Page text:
the theory of international affaris that holds that cooperation among nations is limited by competition among states and by the lack of ant institution capable of enforcing good behavior.

Liberalism

a view of international affairs that believes that capitalism and democracy working through international institutions can produce peaceful cooperation among nations.

Anarchy

a view of international affairs that holds that nations are free to act according to their interests as they define themm since there is no institution or supreme authority in the world capable of defining rules of good conduct or punishing countries that violate these rules.

Balance of Power

the theory in foreign affairs that holds that threats to the security of a country from another nation or a coalition of nations are best prevented by increasing armaments and by creating countervailing power through alliances with other countries.

Monroe Doctrine

the doctrine stated by president James Monroe in 1823 that European nations would not be allowed to interfere with or colonize any country in the Western Hemisphere.

Isolationism

a theory of world affairs that holds that a nation's interests are best served by having a minimum involvement in world affairs and by avoiding all alliances with other nations.

Unilateralism

theory that a nation should act alone in international affairs without seeking the approval or cooperation of other countries.

Hegemon

the dominant nation in a particular geographic area.

Public Policy

ongoing, goal-oriented action that deals with both real and percieved public problems

Group Theory

the theory that hold that public policy is a product of competition among groups in society.

Pluarlism

the theory that hold that public policy is dispersed among mand individuals and groups.

Elite Theory

the theory that holds that public policy is made by a relatively small group of influential leaders who share common outlooks and goals

Corporatism

the theory that holds groups in society do not merely attempt to influence public policy but are themselves part of the decision-making and implementation system.

Subgoverments

also known as "iron triangles." the theory that hols that government does not make policy choices on its own but endorses decisions made by sections of the governmentin alliance with interest groups. are coalitions of like-minded legislators, bureaucrats, and interest groups.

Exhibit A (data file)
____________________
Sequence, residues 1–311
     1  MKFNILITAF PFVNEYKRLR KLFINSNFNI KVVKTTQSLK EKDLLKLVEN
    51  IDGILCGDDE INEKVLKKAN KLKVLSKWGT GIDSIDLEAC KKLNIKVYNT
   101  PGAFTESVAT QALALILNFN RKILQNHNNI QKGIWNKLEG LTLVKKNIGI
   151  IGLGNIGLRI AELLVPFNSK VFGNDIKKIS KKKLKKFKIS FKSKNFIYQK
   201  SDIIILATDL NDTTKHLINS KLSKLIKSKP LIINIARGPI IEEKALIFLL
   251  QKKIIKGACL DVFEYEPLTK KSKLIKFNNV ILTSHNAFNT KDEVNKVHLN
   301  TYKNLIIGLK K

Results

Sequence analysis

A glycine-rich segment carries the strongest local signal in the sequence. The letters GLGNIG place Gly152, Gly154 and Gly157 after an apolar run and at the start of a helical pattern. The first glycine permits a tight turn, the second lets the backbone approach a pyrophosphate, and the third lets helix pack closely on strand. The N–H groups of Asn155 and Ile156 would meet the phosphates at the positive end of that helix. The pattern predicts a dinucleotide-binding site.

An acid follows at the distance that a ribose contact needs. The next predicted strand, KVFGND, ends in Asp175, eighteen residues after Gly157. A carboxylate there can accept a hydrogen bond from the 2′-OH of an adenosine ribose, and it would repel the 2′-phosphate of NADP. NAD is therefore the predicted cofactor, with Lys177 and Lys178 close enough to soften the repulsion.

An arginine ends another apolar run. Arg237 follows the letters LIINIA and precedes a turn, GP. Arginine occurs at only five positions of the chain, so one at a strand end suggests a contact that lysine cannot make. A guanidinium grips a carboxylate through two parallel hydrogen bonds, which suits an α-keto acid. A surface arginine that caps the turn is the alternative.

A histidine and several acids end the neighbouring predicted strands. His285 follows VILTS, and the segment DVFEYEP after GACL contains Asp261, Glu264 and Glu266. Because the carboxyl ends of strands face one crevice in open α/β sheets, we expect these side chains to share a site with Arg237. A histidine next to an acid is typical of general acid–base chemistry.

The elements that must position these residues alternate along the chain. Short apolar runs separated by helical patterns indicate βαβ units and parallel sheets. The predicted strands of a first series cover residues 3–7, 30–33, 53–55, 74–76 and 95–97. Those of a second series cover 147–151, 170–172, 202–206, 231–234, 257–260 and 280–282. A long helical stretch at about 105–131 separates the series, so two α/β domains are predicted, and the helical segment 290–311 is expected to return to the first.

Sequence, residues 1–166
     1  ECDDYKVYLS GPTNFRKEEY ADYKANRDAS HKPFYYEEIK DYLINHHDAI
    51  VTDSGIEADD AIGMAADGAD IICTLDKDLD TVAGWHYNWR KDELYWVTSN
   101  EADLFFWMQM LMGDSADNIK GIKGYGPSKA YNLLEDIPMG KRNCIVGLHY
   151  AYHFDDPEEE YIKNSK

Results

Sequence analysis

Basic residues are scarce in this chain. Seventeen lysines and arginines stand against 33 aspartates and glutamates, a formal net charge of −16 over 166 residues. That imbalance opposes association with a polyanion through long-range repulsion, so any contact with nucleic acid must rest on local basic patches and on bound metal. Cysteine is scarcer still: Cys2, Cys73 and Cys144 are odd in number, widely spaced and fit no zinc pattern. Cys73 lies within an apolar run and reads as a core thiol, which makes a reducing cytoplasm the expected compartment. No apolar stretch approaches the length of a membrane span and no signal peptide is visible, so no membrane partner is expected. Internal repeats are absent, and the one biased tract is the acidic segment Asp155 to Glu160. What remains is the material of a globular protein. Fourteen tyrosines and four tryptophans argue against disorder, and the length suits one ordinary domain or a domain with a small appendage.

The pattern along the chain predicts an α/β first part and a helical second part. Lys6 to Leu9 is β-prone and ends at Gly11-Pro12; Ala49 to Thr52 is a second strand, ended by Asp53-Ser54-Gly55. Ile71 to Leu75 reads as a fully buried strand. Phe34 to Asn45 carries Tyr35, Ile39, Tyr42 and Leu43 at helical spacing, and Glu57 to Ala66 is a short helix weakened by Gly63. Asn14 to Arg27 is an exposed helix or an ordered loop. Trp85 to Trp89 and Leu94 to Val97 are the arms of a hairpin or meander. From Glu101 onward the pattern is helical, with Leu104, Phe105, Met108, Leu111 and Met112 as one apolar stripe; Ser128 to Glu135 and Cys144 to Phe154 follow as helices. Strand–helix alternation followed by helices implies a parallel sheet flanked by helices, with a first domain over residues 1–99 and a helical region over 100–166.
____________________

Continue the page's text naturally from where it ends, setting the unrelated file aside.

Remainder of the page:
Regulatory Policy

those rules established by government that embody rules of conduct enforced by sanctions.

Distributive Policy

those policies of government that provide tangible benefits to groups or individuals in a noncompetitive manner.

Redistributive Policy

those policies of government that reallocate resources among groups in society.

Fiscal Policy

that area of public policy that seeks to control the economy through the raising and lowering of tax rates and levels of public expenditure.

Roper v. Simmons

the protection against cruel and unusual punishment prohibits applying the death penatly to teenagers who commit murders while under age 18.

Barron v. Baltimore

Bill of Rights applies only against federal government.

Roe v. Wade

Right to privacy includes women's right to make choices about abortion in the first 6 months of pregnancy.

Lemon v. Kurtzman

1st Amendment test for establishment clause violations focuses on the intent of government policies and the entanglement of government with religion.

Schenck v. United States

1st Amendment right of free speech is subject to a "clear and present danger" test.

Near v. Minnesota

1st Amendment freedom of the press applies against states through the 14th Amendment.

Columbia v. Heller

applies only to laws enacted by Congress or other federal entities.

Weeks v. United States

evidence obtained improperly by the police cannot be used to prosecute someone accused of a crime. the Supreme Court applied the exclusionary rule in this case.

Mapp v. Ohio

exclusionary rule protection of the 4th Amendment applies against states through the 14th Amendment.

Miranda v. Arizona

5th Amendment protection against compelled self-incrimination requires officers to inform suspects about rights prior to questioning while in custody.